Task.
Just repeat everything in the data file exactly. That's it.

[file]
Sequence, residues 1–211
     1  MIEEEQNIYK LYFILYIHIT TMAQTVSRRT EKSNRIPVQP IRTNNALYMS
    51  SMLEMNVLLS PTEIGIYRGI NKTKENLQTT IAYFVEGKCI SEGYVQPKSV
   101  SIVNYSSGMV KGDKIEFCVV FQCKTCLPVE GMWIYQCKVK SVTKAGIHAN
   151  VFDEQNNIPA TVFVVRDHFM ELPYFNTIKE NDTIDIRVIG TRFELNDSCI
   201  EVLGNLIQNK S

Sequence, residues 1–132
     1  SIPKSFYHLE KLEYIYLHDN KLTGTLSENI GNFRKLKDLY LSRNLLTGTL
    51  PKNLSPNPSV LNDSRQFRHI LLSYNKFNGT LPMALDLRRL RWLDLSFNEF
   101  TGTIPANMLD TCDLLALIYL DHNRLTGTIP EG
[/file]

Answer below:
Sequence, residues 1–211
     1  MIEEEQNIYK LYFILYIHIT TMAQTVSRRT EKSNRIPVQP IRTNNALYMS
    51  SMLEMNVLLS PTEIGIYRGI NKTKENLQTT IAYFVEGKCI SEGYVQPKSV
   101  SIVNYSSGMV KGDKIEFCVV FQCKTCLPVE GMWIYQCKVK SVTKAGIHAN
   151  VFDEQNNIPA TVFVVRDHFM ELPYFNTIKE NDTIDIRVIG TRFELNDSCI
   201  EVLGNLIQNK S

Sequence, residues 1–132
     1  SIPKSFYHLE KLEYIYLHDN KLTGTLSENI GNFRKLKDLY LSRNLLTGTL
    51  PKNLSPNPSV LNDSRQFRHI LLSYNKFNGT LPMALDLRRL RWLDLSFNEF
   101  TGTIPANMLD TCDLLALIYL DHNRLTGTIP EG